Carlos Sainz explains the things that make him angry | Planet F1
Carlos Sainz has been revealing what makes him angry – including the incident that left him the most furious during the 2020 season.
The Spaniard is a relatively placid character but, like any top sportsman, he knows when he has let himself down and that is when the blood starts to boil.
On the whole, 2020 was a positive year for Sainz, who knew when the delayed campaign began in July that he had a move from McLaren to Ferrari in the bag for the following year.
His ‘bromance’ with team-mate Lando Norris continued and the duo combined effectively to earn McLaren an eventual finishing position of third in the Constructors’ World Championship.
But the ‘bronze medal’ was jeopardised at Sochi in September, which Sainz has revealed was the last time he became very angry.
Asked to specify when that occasion was, he told Soymotor: “I think it was Russia 2020. I was very angry with myself, I’m not going to lie.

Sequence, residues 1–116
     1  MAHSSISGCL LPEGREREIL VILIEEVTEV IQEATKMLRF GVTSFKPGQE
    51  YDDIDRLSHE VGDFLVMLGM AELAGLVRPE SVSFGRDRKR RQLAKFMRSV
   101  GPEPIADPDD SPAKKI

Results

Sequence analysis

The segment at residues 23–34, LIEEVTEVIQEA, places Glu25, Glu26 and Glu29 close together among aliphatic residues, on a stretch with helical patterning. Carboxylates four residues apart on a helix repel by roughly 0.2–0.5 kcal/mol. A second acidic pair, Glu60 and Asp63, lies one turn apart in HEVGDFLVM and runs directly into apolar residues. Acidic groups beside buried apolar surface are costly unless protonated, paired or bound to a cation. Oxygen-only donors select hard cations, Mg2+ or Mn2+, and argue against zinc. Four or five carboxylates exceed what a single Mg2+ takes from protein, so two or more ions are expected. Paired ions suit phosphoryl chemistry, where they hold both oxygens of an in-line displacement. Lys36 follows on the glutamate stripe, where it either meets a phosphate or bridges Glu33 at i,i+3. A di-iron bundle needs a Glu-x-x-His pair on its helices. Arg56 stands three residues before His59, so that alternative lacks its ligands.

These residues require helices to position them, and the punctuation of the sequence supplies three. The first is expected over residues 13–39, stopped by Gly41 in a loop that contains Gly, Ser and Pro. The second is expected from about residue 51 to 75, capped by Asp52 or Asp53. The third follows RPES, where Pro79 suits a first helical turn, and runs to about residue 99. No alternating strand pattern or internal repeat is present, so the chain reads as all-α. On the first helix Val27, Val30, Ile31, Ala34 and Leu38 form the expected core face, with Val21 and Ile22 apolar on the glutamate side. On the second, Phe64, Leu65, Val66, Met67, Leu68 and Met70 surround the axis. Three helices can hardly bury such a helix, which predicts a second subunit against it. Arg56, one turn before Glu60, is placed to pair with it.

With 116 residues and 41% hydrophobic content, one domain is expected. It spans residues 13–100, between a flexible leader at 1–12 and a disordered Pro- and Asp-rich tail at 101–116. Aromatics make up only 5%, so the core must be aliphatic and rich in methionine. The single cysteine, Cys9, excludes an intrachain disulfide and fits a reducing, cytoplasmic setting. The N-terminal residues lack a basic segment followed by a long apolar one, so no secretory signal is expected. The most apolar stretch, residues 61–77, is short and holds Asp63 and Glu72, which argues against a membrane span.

“I hit the wall by myself. Imagine the anger. I remember that night I had a hard time sleeping.”
The incident occurred at Turn 2 where Sainz, who had started in P6, ran wide and in trying to rejoin the track by weaving through the marker boards, clipped the wall and spun back onto the circuit with the car sustaining damage that ended his race.
Carlos Sainz’s Ferrari merchandise is available via the official Formula 1 store
Sainz, 26, said he tends to deal with anger by himself rather than imposing it on others.
“I don’t usually take it out on people. Maybe I’m a bit shy in that sense,” he added. “It’s hard for me to be confrontational, to get angry. Unless I have very strong reasons, I don’t jump. I try to think things through twice.”
But in terms of life away from the track, he finds himself getting angry at his own perceived over-usage of his mobile phone.
“There are many times when I regret the amount of free time I waste on my mobile phone,” he explained.
“The amount of free time we waste nowadays with our mobile phones. This is something that makes me angry because it’s something I would love to change, but then you are too lazy to change it. It even makes me feel bad to talk about it.”
Asked how he would like to improve as a person, Sainz returned to that particular issue.
“I think the mobile phone thing,” he said. “To be less dependent on technology, just a little bit.”
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